T-DXd in HER2+ Gastric Cancer: Managing Neutropenia and Other AEs


Focused discussion on the management of antibody drug conjugate–related adverse events in gastric cancer, with a focus on neutropenia.

Sarah Donahue, MPH, NP, AOCNP:
How common is neutropenia in patients with gastric cancer receiving T-DXd [trastuzumab deruxtecan], Theresa? I think you told us it was very common, but how common, really, is it? Which patients are at risk and are you more worried about?

Theresa Wicklin Gillespie, PhD, MA, RN, FAAN: As I mentioned, myelosuppression across the board is rather common. In the DESTINY-Gastric01 trial, which was done in Asia, those patients had really high rates of neutropenia, around 70% or 71% of all grades, and about 58% of grade 3, so that’s pretty significant. And close to 5% had febrile neutropenia. In subsequent studies, those numbers are less, and we don’t see quite that many in our own practice. But there are some risk factors that we do need to keep in mind, and when we talk about gastric cancer, these definitely tend to apply.

One factor would be age, and as I mentioned previously, in gastric cancer, most of these patients are older; you don’t see a lot of 40-year-olds with gastric cancer. So, age is already a risk factor overall with gastric cancer. The kind of gastric cancer they’re having is also associated with it, as well as previous therapies that they might have had that perhaps left their bone marrow a little beat up from previous regimens. But the other things are comorbidities. There are lots of comorbid conditions, including obesity, diabetes, congestive heart failure, COPD [chronic obstructive pulmonary disease], rheumatoid arthritis or osteoarthritis, as well as HIV. All of those are considered risk factors for neutropenia. Like with other systemic therapies that also have the risk of neutropenia, you want to make sure you’re educating the patients. And of course, we’re monitoring their CBC [complete blood count] and ANC [absolute neutrophil count] regularly.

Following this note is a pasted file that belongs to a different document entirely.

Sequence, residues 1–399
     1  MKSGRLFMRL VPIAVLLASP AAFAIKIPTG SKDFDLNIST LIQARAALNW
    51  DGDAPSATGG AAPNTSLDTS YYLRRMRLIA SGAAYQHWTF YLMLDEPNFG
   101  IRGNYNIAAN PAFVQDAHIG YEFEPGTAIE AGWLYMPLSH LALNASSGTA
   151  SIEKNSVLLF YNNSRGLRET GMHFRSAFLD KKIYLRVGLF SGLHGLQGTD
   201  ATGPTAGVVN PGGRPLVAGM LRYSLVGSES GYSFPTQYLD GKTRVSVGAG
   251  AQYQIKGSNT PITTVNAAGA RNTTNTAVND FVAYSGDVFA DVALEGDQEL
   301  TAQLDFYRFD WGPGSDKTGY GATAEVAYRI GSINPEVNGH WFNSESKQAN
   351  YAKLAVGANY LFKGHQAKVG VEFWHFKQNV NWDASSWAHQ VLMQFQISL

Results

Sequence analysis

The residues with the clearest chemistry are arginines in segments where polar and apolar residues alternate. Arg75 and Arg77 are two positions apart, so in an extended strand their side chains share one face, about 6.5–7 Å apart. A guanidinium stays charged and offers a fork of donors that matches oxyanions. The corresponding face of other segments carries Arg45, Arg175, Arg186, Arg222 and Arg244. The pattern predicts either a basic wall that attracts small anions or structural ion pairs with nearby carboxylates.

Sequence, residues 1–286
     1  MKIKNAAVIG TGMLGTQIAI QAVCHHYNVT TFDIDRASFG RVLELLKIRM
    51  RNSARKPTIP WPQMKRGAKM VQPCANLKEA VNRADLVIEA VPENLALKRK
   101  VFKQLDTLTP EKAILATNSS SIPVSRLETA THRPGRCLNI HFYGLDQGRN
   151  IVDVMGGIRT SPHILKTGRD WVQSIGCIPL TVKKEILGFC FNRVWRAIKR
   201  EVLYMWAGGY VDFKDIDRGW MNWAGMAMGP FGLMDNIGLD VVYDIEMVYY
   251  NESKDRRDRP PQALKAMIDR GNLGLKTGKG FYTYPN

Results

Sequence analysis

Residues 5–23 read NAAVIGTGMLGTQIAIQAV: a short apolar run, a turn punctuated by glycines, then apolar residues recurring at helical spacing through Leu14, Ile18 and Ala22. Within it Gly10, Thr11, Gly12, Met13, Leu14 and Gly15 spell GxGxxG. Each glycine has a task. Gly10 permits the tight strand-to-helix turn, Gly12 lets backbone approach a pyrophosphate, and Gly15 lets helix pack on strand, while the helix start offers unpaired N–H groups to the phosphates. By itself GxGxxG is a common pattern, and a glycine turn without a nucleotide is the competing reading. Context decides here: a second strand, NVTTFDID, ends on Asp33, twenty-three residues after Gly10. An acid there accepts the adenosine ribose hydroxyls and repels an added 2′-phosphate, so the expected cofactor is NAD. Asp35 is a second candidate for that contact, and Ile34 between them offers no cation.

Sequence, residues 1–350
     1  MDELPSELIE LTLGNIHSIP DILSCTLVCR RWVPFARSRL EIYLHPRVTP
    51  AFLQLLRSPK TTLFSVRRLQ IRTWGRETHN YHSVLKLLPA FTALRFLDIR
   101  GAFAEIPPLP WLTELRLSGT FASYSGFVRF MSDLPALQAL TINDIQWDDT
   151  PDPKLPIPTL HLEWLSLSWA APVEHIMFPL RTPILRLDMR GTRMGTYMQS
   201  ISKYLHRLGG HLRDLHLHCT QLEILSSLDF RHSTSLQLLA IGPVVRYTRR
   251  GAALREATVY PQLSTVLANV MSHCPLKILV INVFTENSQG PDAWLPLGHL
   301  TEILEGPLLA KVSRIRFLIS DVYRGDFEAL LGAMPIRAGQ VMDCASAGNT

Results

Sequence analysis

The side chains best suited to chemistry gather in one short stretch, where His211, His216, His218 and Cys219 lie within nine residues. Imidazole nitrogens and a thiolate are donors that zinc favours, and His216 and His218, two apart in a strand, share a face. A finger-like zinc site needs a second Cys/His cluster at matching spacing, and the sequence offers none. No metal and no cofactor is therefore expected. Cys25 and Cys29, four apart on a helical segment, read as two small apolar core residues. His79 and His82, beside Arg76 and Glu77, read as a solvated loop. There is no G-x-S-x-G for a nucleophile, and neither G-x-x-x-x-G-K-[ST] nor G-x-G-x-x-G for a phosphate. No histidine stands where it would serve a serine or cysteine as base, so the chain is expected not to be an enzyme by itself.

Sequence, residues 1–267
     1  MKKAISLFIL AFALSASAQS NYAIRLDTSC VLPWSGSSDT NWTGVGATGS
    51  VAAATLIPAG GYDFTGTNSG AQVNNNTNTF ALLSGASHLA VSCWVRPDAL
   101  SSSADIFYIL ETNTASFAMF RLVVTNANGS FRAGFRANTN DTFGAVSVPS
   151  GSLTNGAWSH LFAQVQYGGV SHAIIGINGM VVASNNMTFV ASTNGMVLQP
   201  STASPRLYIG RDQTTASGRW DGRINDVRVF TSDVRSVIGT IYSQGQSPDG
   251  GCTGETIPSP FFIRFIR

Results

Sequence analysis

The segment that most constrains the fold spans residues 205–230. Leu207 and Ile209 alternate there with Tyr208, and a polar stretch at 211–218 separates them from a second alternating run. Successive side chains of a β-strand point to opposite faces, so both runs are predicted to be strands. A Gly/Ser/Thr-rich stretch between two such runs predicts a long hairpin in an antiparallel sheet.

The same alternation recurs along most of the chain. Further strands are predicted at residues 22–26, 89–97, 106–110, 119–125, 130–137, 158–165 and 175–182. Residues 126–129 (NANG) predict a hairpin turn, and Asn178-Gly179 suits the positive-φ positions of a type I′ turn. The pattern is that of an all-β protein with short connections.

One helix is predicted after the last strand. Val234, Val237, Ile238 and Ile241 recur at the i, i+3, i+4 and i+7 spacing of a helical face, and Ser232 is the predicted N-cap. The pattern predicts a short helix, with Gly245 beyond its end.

Jamie Carroll, APRN, CNP, MSN: To add to what Theresa was saying, in breast cancer, just over 40 patients have any grade neutropenia with T-DXd, or trastuzumab deruxtecan. I would agree that many patients are at risk, including what Theresa was saying, and then in addition, I think patients who have known bone marrow involvement, they’re at increased risk for neutropenia or myelosuppression from treatment.

Sarah Donahue, MPH, NP, AOCNP: They might be the patients you’re getting white blood cell, your G-CSF [granulocyte colony-stimulating factor] ordered for. And in this case, since this medication is given once every 3 weeks, you could consider something longer acting. What choice are you using for your white blood cell support? Maybe Theresa can answer first, as far as what sort of treatment do you usually use?

Theresa Wicklin Gillespie, PhD, MA, RN, FAAN: That’s a bit of physician’s choice, so I can’t say we have a strict policy on that. And we don’t usually see a lot of patients who have marrow involvement with gastric cancer. Liz may see it in her own practice, but that’s not normally something we would see a lot.

Elizabeth Prechtel Dunphy, DNP, CRNP, AOCN: We haven’t seen a terrible amount of this either in our practice, so we haven’t had the instance where we have had to use growth-factor support, but I imagine if that were to be the case, again, as Theresa said, that’s a physician choice. I would think that they would use a long-acting growth-support factor, but we haven’t had that incidence yet.

Sarah Donahue, MPH, NP, AOCNP: Are there any parameters that are considered in a patient with metastatic gastric cancer who is started on trastuzumab deruxtecan, to reduce the risk of neutropenia? Is there anything we can do prior to prevent it?